How to raise a safe driver

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30 Nov 2016 by smartleasing

Learning to drive can be tense for teenagers and parents alike. While young people are at risk on the roads due to inexperience, they are also more prone to risky behaviours. In one Australian study young drivers had a 50%greater chance of crashing because of their risky driving behaviours. Risky behaviours include (but aren’t exclusive to) speeding, not following road rules, using phones and texting, driving during high-risk times such as at night-time and during bad weather, consuming alcohol and having passengers in the car. But parents can help young drivers become safer drivers.

Be a positive role model before kids begin driving

Parents’ driving habits influence their kids long before they get behind the wheel. “If parents have lots of driving offences, it’s likely their kids will as well,” explains Rebecca Ivers, Conjoint Professor of Public Health at Sydney Medical School and Director of Injury Division at The George Institute for Global Health. The take away? Practise safe driving at all times, even before kids are at driving age, because it’s sure to rub off on them one day.

Supervised low-risk driving beats skill-based driving courses

Booking your kids into advanced driver training can lead young drivers and parents to overestimate their skills. “Studies have shown advanced skill-based training can actually increase the risk of crashes,” says Ivers. Instead, she recommends exposing teenagers to as much low-risk driving as possible to develop their skills over time: “Low risk means restricting driving to during the daytime in good weather or at night with supervision and not carrying passengers.”

Make sure teenagers are having regular lessons which reinforce safe behaviours

Young drivers develop better skills with regular driving lessons, says Ben Elmassian from Sydney’s North Shore Driving School. “Sometimes there are long time gaps between driving lessons, but in my view young drivers become more capable, well-rounded drivers when they have regular lessons,” he says.

Enlist the help of an experienced driving instructor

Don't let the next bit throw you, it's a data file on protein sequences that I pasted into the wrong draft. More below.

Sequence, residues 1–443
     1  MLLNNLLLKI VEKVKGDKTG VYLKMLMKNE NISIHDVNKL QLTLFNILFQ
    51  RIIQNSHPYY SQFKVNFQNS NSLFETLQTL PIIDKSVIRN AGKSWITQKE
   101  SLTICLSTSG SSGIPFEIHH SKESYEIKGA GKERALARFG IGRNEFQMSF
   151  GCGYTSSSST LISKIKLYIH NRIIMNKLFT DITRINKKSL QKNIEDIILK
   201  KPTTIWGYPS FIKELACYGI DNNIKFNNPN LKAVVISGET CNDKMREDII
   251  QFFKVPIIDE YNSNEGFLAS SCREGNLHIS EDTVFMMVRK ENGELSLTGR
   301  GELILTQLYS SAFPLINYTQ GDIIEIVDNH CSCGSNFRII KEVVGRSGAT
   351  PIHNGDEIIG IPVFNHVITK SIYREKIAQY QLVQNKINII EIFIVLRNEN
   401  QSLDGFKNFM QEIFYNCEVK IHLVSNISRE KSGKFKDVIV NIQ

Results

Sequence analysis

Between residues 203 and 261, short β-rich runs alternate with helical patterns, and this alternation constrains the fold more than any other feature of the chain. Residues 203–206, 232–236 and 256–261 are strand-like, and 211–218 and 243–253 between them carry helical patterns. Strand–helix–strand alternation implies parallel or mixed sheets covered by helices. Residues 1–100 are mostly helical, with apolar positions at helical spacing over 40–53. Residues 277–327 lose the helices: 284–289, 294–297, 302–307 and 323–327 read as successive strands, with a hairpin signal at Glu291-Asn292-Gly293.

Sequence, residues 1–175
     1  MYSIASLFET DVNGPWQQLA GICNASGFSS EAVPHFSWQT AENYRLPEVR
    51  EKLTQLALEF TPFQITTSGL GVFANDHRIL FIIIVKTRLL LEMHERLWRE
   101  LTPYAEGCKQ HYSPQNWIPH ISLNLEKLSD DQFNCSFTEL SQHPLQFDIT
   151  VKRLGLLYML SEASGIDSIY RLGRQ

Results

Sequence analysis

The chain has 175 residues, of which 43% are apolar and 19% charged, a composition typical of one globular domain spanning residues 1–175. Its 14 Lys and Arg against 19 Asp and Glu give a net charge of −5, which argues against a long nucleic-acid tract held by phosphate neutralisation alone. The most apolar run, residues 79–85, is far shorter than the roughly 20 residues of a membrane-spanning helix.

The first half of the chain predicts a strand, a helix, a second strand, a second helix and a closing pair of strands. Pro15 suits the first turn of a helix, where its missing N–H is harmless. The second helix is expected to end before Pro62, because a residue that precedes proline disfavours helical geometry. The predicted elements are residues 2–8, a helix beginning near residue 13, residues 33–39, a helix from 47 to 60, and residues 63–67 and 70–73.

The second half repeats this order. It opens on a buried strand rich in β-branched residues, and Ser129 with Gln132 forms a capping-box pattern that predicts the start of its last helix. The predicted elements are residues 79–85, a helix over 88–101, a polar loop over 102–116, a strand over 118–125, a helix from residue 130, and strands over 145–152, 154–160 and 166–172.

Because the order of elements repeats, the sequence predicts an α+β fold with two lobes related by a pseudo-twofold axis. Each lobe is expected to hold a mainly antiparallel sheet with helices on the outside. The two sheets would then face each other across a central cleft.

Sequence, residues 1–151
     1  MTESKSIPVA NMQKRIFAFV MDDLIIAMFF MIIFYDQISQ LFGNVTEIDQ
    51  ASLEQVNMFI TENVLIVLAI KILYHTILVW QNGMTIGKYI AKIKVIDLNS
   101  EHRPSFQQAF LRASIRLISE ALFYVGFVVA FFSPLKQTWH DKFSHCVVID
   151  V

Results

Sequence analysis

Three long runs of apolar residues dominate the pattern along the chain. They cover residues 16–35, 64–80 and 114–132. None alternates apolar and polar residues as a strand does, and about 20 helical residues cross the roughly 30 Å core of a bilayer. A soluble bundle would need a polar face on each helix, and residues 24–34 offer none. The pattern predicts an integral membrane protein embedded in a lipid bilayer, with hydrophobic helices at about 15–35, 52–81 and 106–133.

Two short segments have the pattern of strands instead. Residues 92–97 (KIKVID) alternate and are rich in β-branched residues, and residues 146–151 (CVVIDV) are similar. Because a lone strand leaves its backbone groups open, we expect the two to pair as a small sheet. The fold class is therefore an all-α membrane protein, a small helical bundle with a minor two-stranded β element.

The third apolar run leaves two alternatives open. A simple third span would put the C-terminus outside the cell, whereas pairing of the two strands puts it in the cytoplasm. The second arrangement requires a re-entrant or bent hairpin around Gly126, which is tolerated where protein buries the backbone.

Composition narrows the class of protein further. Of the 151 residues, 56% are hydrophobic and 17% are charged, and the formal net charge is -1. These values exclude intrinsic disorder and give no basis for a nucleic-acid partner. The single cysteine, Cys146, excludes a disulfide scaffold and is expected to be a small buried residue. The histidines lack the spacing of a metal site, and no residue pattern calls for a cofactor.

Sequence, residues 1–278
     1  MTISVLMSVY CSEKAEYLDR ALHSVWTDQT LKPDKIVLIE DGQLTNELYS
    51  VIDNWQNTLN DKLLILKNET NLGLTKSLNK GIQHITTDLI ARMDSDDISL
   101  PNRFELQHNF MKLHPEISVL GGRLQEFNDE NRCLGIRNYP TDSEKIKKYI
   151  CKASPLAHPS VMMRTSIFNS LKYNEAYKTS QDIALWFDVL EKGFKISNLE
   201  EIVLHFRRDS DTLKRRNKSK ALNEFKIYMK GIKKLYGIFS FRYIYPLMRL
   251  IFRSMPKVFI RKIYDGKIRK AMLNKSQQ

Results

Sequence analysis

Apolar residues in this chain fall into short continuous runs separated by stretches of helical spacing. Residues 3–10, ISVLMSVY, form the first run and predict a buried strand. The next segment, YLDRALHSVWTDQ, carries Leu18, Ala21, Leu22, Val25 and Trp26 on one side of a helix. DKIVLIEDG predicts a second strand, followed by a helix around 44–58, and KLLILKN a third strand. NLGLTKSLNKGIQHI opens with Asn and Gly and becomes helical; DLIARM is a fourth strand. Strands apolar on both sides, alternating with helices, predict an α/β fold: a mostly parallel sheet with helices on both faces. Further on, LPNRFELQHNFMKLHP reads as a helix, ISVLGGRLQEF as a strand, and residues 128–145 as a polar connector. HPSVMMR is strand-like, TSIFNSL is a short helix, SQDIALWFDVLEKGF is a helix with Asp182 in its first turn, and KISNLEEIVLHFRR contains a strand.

A reputable driving instructor with years of experience can be invaluable in helping young people develop safe driving practices, explains Elmassian. These skills include how to scan the road, check the car’s tyre pressure and watch mirrors. “These are skills quite often overlooked by parents,” Elmassian says.

Reduce driver distractions as much as possible

“Eating, drinking, using mobile phones and carrying passengers can distract inexperienced drivers,” says Elmassian. Driver training should reinforce not using these things as one of the most important ways to stay safe. “Young inexperienced drivers should be constantly scanning the road for obstacles, rather than being distracted,” he says.

Draw up your own parent/driver agreement

Having a provisional driver’s licence is no guarantee of safe driving, says Ivers. One way to tighten up P-plater safety is to draw up a parent/driver agreement. The agreement can be even more stringent about safety than the driving road rules to further reduce any risky behaviours. “Your teen’s car usage should be dependant on them abiding by these rules,” suggests Ivers. What should you include? Try these safe-driving rules:

  • A rule forbidding alcohol consumption
  • Rules that forbid texting, phone use and eating or drinking while driving
  • Rules that restrict or forbid driving at night or in inclement weather
  • Rules that restrict or forbid passengers
  • A rule requesting the young driver reveal where they are going, with whom, how many people will be in the car, who will be driving and what car they will be driving.

Young driver statistics

(Figures: Department of Infrastructure and Regional Development 2012)

  • The death rate for young adults aged 15-24 years in road crashes is 50% higher than that of the general population
  • More males die in road crashes that females
  • 77% of young adults who die in crashes are occupants of vehicles and 67% are in single-vehicle crashes

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